California companies undertook a total of 147 foreign direct investment (FDI) projects in Israel. Of those investments, 127 were by companies in the greater Bay Area, primarily in R&D. Software and IT Services was the leading field followed by Semiconductors, Financial Services, and Communications. According to fDi Markets, the value of investment by 103 California companies between 2003 and 2021 totaled $22.4 billion. Of the top 20 California companies investing in Israel, 18 were headquartered in the Bay Area. For many, their presence in Israel began with the acquisition of an Israeli company. While the list of Silicon Valley companies in Israel is long, several— Applied Materials, KLA Corporation, IBM (which has a major research laboratory in San Jose), Oracle, Cisco, Salesforce, and Intel—stand out as examples of the role that Israel plays in the global R&D and business strategy of multinational companies, the report stated. Out of 402 multinational companies with an innovation presence in Israel, 96 are California headquartered, and of those, 80 are from the Bay Area. By comparison, there are 13 multinationals with an innovation presence from the UK, 14 from France, 15 from Germany, 10 from China, 7 from Japan, and 6 from India.

The report mentioned that promising fields for future cooperation include biotech, data science, and security, particularly advanced cryptographic systems such as post-quantum cryptography.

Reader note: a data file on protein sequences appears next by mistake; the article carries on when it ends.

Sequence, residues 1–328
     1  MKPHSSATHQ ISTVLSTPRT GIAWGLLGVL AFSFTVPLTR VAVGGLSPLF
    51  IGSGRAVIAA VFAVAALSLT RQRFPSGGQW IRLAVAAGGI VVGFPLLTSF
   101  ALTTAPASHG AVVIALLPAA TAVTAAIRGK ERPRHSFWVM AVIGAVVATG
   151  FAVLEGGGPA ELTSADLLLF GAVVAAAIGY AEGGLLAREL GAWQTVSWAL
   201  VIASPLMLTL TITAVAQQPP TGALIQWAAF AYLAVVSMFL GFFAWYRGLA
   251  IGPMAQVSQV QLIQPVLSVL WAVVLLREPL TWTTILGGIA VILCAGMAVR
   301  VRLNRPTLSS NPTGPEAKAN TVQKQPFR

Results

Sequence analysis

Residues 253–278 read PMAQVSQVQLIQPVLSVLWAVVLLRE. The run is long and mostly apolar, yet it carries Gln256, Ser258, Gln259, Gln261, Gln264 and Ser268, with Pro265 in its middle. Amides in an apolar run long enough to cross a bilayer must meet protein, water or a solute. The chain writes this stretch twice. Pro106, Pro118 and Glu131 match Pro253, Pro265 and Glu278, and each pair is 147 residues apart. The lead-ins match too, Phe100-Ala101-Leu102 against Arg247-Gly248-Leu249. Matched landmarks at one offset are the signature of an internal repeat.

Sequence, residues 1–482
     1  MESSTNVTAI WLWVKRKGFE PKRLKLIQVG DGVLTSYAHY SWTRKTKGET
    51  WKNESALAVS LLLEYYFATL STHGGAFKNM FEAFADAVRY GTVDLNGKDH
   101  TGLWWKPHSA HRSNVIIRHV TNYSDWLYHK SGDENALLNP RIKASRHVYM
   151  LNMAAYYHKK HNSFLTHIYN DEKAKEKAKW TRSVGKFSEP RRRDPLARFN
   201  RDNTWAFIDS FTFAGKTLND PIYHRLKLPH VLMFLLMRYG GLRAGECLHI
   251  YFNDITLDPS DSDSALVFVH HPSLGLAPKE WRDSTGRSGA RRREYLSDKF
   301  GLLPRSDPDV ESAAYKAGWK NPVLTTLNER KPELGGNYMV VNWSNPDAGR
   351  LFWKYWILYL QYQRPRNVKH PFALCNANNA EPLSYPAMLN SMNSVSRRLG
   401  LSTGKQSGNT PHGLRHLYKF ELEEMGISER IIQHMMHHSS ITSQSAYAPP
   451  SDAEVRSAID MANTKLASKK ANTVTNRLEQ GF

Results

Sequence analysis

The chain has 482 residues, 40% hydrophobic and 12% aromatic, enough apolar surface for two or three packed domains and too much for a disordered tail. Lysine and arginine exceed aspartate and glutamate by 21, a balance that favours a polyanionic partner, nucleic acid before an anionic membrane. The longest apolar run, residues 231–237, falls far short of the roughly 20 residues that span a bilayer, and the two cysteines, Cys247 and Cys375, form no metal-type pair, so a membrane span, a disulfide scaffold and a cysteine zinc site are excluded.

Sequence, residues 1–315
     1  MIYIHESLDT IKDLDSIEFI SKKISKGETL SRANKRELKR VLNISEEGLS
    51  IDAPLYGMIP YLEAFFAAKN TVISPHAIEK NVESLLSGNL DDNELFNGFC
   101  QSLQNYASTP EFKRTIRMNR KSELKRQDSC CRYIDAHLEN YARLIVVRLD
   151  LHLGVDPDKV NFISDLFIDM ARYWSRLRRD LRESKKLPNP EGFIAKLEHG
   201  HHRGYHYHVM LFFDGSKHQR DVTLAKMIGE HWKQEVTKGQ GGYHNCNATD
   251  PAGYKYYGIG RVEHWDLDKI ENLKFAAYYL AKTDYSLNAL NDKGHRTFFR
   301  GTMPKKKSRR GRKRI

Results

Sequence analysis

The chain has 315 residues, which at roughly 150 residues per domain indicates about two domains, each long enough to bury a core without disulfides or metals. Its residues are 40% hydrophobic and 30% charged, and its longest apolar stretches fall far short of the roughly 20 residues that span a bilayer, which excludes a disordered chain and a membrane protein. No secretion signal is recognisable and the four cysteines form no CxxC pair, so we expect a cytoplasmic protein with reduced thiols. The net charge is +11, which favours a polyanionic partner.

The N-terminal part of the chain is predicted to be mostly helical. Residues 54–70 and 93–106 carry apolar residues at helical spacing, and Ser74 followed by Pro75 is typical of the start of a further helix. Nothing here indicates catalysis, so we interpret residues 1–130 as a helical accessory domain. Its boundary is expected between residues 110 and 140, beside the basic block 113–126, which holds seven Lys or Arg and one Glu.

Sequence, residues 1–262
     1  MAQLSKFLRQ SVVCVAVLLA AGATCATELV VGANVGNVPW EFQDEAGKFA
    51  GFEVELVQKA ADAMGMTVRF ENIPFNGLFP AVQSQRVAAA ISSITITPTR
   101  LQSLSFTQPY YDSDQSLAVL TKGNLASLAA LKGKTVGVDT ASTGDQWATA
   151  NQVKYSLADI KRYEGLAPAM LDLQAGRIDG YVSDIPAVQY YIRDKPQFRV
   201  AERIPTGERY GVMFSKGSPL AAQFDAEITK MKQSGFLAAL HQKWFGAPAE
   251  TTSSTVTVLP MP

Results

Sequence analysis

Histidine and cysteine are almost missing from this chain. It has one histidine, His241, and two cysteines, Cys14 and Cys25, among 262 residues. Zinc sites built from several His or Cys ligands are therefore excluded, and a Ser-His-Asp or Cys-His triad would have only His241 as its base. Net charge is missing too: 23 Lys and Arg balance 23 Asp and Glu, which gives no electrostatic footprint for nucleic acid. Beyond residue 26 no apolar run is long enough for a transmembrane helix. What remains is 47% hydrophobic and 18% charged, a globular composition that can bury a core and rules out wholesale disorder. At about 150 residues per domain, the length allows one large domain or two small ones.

Since 1990, the Bay Area Council Economic Institute has been the leading think tank focused on the economy of the San Francisco Bay Area/Silicon Valley. This latest report was developed and written by Sean Randolph, Senior Director at the Bay Area Council Economic Institute, with the support of Myrna Srouji.

"For me the significance of this report is that for the first time the story of California and Israel and the value to each other is being told," Shlomi Kofman, Israel’s Consul General to the Pacific Northwest since August 2017, told CTech. "It demonstrates the remarkable value of Israel to California companies, of joint work between Israeli and California scientists, founders and companies to California. It reflects our endless desire for innovation and betterment. The story of our unique ties between two leading innovation hubs has no precedence or similarity. It has global implications and leading global innovation."